Paolo Roversi

Born in Ravenna in 1947, Paolo Roversi’s interest in photography was kindled  as  a  teenager  during  a  family  vacation  in  Spain  in  1964. Back home, he set up a darkroom in a convenient cellar with another keen  amateur,  the  local  postman  Battista  Minguzzi,  and  began developing  and  printing  his  own  black  &  white  work.  The  encounter with  a  local  professional  photographer  Nevio  Natali  was  very important: in Nevio’s studio Paolo spent many many hours realising an important apprenticeship as well as a strong durable friendship. In 1970 he started collaborating with the Associated Press: on his first  assignment,  AP  sent  Paolo  to  cover  Ezra  Pound’s  funeral  in Venice. During the same year Paolo opened, with his friend Giancarlo Gramantieri  his  first  portrait  studio,  located  in  Ravenna,  via Cavour, 58, photographing local celebrities and their families. In 1971  he  met  by  chance  in  Ravenna,  Peter  Knapp,  the  legendary  Art Director  of  Elle  magazine.  At  Knapp’s  invitation,  Paolo  visited Paris in November 1973 and has never left. In Paris Paolo started working as a reporter for the Huppert Agency but  little  by  little,  through  his  friends,  he  began  to  approach fashion  photography.  The  photographers  who  really  interested  him then  were  reporters.  At  that  moment  he  didn’t  know  much  about fashion or fashion photography.
Only later he discovered the work of Avedon, Penn, Newton, Bourdin and many others. The  British  photographer  Lawrence  Sackmann  took  Paolo  on  as  his assistant  in  1974.  «  Sackmann  was  very  difficult.  Most  assistants only lasted a week before running away. But he taught me everything I  needed  to  know  in  order  to  become  a  professional  photographer. Sackmann taught me creativity.
He was always trying new things even if he did always use the same camera and flash set-up. He was almost military-like  in  his  approach  to  preparation  for  a  shoot.  But  he always used to say ‘your tripod and your camera must be well-fixed but your eyes and mind should be free’”.  Paolo endured Sackmann for nine  months  before  starting  on  his  own  with  small  jobs  here  and there  for  magazines  like  Elle  and  Depeche  Mode  until  Marie  Claire published  his  first  major  fashion  story.  A  Christian  Dior  beauty campaign brought him wider recognition in 1980, the year he started using the 8 x 10” Polaroid format that would become his trademark. Not  only  because  of  the  large  camera,  Paolo  has  always  preferred working in studio. In his first years in Paris, the studio was very often  a  room  from  his  own  different  apartments,  all  on  the  left bank, until he found in 1981 the studio located in 9 rue Paul Fort where he is still working. In  the  middle  of  the  ‘80s  the  fashion  industry  was  very  keen  to produce  catalogues  which  allowed  photographers  to  express  a  very creative and personal work: Comme des Garcons, Yohji Yamamoto, Romeo Gigli… gave Paolo that opportunity.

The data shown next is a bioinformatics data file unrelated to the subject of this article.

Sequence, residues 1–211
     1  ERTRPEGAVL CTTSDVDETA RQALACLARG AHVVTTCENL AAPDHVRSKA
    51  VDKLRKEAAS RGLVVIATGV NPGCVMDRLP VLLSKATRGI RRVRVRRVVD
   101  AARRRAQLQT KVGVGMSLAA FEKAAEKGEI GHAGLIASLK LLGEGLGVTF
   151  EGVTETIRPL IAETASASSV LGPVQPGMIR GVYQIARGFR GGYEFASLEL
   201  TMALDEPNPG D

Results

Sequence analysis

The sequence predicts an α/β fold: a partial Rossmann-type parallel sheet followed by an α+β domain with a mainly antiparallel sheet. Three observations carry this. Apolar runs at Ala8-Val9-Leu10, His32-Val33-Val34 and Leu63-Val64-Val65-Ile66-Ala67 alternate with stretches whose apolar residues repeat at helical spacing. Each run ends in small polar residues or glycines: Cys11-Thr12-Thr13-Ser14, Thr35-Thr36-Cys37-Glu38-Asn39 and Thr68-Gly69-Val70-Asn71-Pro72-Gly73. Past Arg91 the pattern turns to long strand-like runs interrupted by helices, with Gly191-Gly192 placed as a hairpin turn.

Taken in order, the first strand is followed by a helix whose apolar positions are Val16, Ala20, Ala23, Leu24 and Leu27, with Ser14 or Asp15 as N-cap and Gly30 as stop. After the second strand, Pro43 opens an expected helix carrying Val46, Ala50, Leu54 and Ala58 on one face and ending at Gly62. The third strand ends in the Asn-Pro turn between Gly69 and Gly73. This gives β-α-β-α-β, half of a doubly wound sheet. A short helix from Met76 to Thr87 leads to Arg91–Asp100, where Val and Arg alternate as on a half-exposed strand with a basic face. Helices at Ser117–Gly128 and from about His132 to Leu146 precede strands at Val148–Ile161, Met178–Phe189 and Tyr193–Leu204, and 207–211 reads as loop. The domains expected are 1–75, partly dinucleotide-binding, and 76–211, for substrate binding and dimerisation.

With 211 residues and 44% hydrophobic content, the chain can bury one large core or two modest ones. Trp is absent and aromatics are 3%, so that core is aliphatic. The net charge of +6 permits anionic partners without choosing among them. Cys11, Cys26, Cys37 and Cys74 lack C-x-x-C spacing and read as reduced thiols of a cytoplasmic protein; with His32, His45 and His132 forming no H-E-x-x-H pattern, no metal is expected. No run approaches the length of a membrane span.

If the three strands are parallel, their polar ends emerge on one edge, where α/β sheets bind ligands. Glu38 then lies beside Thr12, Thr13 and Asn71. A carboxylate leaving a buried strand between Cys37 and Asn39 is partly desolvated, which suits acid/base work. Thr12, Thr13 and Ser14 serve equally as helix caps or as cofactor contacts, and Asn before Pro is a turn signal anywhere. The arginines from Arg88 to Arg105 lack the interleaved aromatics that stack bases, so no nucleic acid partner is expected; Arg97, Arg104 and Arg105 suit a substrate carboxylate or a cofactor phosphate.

During his travels to India, Yemen…   Paolo took many portraits; we can  see  some  of  them  in  his  books  ANGELI  and  Al Moukalla; a bookabout  India  is  in  preparation.  Paolo  has  also  realised  some commercials. Since the middle 80’ his work has been subject to many exhibitions and books and many awards have honoured his work. Today Paolo has a regular collaboration with the most interesting fashion magazines and fashion designers.

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